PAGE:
How to Become an Expert: The 2 Steps Toward Mastery

This article is an excerpt from the Shortform book guide to "The One Thing" by Gary Keller. Shortform has the world's best summaries and analyses of books you should be reading.

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Do you know how to become an expert at something? What commitment is needed?

To become an expert, you must invest a great amount of time. That time must be focused on the right thing for it to be productive. You also need to have a purposeful approach, seeking new and better ways to do what you’re doing.

Keep reading to learn how to become an expert.

Become an Expert in 2 Steps

Achieving exceptional results from time blocking requires exceptional effort in three areas: 1) committing yourself to mastery, 2) determining the best way to do something, and 3) holding yourself accountable.

1) Commit Yourself to Mastery

Mastery—becoming an expert—is a process rather than an end result. It’s based on the desire to become the best you can be at doing your most important thing and an understanding that there’s always more to learn. You’ve mastered tasks accomplished in the past, but you’re an apprentice when it comes to future tasks. There’s always a new level of expertise to reach.

Mastery of the right thing topples your first domino and “makes everything else easier or no longer necessary.”

Besides requiring a mindset of continual learning, becoming an expert requires a significant investment of time. The time you spend is ultimately more important than talent.

Psychologist K. Anders Ericsson debunked the idea that top performers excel because they’re gifted. He found that the key to reaching elite levels was intense and “deliberate” practice over many years—for instance, top violinists accumulated over 10,000 hours of practice by age 20. If you put in 250 work days a year on your One Thing, you need to average four hours a day to amass 10,000 hours in ten years. (Shortform note: Read more about why high-quality practice matters more than talent in our summary of Ericsson’s book Peak.)

When you approach your focused time blocks with a “mastery mentality,” each level you achieve prepares you for the next—your growing knowledge, skills, and competence give you momentum for further successes. Becoming an expert is a process that “keeps on giving.”

2) Determine the Best Way

When you set out to do something, you have a choice of either doing it the best you can or doing it the best it can possibly be done.

Doing something the best you can is an entrepreneurial approach. With an entrepreneurial mindset, you see what needs to be done and jump into it by applying your energy and ability. However, everyone has an ability limit and will top out. For instance, some people hit their home-repair skill limit as soon as they pick up a hammer, while others become an expert at using it. If your goal is to just do your best, then you’re done once you reach your talent limit. Your best effort won’t bring you exceptional success—that requires continually improving how you do your One Thing.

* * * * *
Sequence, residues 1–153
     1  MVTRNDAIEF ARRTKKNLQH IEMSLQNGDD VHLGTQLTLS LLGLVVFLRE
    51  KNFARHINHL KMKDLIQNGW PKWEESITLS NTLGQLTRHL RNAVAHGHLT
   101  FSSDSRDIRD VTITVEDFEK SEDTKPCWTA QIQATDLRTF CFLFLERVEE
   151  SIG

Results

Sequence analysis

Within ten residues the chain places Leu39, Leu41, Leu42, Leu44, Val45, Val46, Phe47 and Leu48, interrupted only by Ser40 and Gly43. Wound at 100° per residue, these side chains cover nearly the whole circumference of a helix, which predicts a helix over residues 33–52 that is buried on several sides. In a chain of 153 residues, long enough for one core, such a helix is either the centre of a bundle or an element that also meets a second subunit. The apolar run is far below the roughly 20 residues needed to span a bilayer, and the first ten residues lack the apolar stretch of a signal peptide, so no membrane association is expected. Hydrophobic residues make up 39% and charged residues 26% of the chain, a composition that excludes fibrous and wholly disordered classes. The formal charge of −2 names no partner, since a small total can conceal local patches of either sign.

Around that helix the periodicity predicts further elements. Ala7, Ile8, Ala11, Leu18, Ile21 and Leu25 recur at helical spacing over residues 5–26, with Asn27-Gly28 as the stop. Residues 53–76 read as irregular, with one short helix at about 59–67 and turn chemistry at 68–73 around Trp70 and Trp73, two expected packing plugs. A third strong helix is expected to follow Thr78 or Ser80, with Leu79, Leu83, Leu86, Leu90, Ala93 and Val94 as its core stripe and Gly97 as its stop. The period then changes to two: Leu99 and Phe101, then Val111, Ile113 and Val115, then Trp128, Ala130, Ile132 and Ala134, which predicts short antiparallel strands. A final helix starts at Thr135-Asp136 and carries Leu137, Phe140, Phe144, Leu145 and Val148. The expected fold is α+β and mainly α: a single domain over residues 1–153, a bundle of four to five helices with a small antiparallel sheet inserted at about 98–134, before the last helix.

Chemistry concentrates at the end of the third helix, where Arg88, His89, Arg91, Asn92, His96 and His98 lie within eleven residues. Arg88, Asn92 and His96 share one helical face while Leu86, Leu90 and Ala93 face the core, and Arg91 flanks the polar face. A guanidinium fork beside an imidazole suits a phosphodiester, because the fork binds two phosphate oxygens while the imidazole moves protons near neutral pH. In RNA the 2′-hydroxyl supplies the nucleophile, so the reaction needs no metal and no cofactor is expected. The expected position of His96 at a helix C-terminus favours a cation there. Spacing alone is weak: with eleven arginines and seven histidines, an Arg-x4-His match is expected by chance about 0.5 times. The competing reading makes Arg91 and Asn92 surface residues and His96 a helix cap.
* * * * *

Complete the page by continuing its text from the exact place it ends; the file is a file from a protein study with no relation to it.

Instead of an entrepreneurial approach, you must take a purposeful approach. This means not stopping when you reach your knowledge and talent limit, but seeking new and better ways to do what you’re doing.

Here’s an example comparing the two approaches:

  • An entrepreneurial approach to cutting firewood would be to pick up an ax and head for the woodpile.
  • A purposeful approach would be to look for the best or most efficient way to cut wood: a chainsaw or a log splitter. 

A purposeful approach applies the rule that getting a different or better result requires doing something different. Applying a purposeful approach during your time block unlocks your potential, putting you on the road to becoming an expert.

How to Become an Expert: The 2 Steps Toward Mastery

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Like what you just read? Read the rest of the world's best book summary and analysis of Gary Keller's "The One Thing" at Shortform.

Here's what you'll find in our full The One Thing summary:

  • Why focusing daily on one thing, rather than many, is the key to success
  • How success is like dominos
  • The six common myths about success

Elizabeth Whitworth

Elizabeth has a lifelong love of books. She has always appreciated nonfiction, especially about history, politics, and ideas. A switch to audio books has kindled her enjoyment of well-narrated fiction, particularly Victorian and early 20th-century works. As a former intelligence analyst and a teacher of critical thinking skills, Elizabeth enjoys analyzing arguments on all sides of an issue. Her nonfiction preferences include theology, science, and philosophy. She studies the intersection of these three in pursuit of the highest truths. Elizabeth has a blog and is writing a creative nonfiction book about the beginning and the end of suffering.

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